Snick the bike up to 3rd and get over to the left so you can tip in quite late for Turn 7, Williams. This is a great corner as it's smooth and fast. You'll run along the rumble-strip for a few metres about 2/3 the way along it and then start feeding the power in to carry you across to the far rumble-strip. Be aware that water tends to gather here when it rains and it's one of the last places on the track to dry!

Now give it everything and get tucked in along Bentley Straight, ensuring you get yourself as far to the right as you can. That said, you can make some pretty sneaky overtakes on the left on the entry to Turn 8 Brundle.

Brundle (Turn 8) is a deceptive corner; it looks tight because of the bridge and barriers blocking your view of the exit. You also know there's a tight bend after it and you're probably in 6th at quite a velocity! Stay to the right and aim for an apex somewhere before you actually reach the rumble-strip. This will allow you to turn late, fast and get the bike upright and line up to quickly brake hard and snick it down to 2nd for a quick flick into Turn 9, named after a famous Norfolk resident.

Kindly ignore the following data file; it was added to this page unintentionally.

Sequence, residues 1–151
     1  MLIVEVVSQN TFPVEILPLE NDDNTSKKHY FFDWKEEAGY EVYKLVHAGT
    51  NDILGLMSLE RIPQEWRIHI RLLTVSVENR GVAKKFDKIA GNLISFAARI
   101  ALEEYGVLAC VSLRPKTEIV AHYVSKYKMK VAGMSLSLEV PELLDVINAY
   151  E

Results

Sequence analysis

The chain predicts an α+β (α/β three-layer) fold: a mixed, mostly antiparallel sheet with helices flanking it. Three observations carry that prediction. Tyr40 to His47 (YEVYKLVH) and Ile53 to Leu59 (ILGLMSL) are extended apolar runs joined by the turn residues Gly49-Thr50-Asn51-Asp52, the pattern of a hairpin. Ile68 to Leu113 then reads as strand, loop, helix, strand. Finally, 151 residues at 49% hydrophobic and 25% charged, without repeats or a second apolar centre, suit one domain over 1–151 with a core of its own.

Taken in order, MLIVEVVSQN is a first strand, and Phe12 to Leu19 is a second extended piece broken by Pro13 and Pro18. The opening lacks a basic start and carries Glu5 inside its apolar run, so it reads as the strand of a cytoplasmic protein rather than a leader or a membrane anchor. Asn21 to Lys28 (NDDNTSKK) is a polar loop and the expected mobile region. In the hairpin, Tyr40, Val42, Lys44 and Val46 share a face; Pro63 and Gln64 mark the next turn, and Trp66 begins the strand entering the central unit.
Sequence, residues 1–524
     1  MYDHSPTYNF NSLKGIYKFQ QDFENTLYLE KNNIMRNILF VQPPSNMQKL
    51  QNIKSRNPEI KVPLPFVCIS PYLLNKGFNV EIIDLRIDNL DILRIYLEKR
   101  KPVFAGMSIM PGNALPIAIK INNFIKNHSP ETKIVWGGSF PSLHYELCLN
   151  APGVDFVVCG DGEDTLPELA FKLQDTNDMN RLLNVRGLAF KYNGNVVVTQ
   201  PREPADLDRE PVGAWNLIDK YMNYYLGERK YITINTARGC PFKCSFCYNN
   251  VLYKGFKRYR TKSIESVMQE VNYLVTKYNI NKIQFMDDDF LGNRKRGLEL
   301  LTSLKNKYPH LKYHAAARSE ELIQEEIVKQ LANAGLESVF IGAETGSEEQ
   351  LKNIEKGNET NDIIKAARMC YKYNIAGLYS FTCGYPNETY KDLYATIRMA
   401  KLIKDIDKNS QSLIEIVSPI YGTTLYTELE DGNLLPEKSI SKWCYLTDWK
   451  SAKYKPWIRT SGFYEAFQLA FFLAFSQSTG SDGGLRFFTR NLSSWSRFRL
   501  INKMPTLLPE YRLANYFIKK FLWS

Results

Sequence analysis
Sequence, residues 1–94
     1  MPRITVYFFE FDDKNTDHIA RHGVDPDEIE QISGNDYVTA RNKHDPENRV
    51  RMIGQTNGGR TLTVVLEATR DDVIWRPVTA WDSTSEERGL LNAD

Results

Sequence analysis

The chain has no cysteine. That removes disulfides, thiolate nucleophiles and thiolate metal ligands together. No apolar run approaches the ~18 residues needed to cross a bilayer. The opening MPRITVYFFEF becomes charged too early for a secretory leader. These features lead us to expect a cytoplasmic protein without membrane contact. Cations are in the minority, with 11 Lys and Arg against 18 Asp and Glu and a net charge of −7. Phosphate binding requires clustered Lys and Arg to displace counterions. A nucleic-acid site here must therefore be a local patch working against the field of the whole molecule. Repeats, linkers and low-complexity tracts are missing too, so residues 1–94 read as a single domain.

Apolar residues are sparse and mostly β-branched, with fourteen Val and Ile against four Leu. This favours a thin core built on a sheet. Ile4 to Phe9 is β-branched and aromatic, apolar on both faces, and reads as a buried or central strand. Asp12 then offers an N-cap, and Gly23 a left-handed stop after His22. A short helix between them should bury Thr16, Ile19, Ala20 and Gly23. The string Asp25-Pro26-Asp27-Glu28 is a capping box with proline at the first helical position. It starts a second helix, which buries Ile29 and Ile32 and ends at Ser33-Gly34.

Turn 9, Nelson, requires accuracy. There's no way to go fast through such a tight corner but pay close attention to smoothly getting on the throttle and being aware of the bike being sufficiently upright to feed in full power as soon as you can. Impress the marshals with an awesome power-wheelie before realising you've still got the front wheel in the air and you're now approaching the braking zone for Turn 10.